While I am no advocate of censorship, nor do I wish to see us become a country where people can be charged with “treason” or “blasphemy” based on their written or oral rants, I cannot help but wonder if we might not need to revisit the wisdom of our religious traditions on matters of the tongue and pen (and now text, tweet, e-mail, blogpost, YouTube videos, etc!) It is undoubtedly the case that we need to continue to uphold freedom of speech as a civil and legal right, but we might also want to engage in some intentional, spiritual reflection on what kind of civic community we want to create. All the major religious traditions of the world have something to say on issues of “free speech.”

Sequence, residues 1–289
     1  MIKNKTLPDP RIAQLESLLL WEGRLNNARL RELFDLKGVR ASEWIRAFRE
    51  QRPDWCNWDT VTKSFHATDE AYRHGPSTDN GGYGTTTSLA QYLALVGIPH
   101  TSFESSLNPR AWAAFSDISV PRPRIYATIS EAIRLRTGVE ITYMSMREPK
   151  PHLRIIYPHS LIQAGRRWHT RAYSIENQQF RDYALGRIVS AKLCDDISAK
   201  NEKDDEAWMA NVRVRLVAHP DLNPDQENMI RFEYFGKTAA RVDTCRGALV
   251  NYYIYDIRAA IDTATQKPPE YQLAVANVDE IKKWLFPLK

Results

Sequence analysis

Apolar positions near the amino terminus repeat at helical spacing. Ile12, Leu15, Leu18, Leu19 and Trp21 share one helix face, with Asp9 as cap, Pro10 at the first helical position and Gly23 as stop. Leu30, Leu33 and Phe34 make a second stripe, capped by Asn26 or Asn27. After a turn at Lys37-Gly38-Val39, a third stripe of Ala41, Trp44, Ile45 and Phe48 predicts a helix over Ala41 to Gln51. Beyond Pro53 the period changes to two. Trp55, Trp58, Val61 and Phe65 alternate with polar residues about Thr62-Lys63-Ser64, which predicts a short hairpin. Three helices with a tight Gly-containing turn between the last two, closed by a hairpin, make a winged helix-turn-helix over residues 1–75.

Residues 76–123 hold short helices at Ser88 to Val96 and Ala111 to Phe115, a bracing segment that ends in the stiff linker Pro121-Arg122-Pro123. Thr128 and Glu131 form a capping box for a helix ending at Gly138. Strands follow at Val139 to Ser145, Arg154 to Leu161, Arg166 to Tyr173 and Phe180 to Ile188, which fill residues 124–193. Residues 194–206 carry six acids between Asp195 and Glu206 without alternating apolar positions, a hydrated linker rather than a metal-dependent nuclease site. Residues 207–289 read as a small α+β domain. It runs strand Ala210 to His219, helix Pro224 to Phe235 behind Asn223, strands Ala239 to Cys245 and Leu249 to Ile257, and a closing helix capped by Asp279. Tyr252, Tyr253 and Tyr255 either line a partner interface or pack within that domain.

In the Christian tradition, the weekly Sunday lectionary has been taking believers through the pastoral Epistle of James for the past several Sundays. This short pastoral letter is a great source of wisdom on issues of the tongue, and it has some pretty strong things to say about the dangers of unfettered and unfiltered speech. For example, “This is scary: You can tame a tiger, but you can’t tame a tongue—it’s never been done. The tongue runs wild, a wanton killer. With our tongues we bless God our Father; with the same tongues we curse the very men and women he made in his image. Curses and blessings out of the same mouth!” (James 3:7-10, Message Version, a contemporary translation) The author of the “savages” billboard and the producers of the anti-Muslim video certainly chose to use their tongues as “wanton killers.”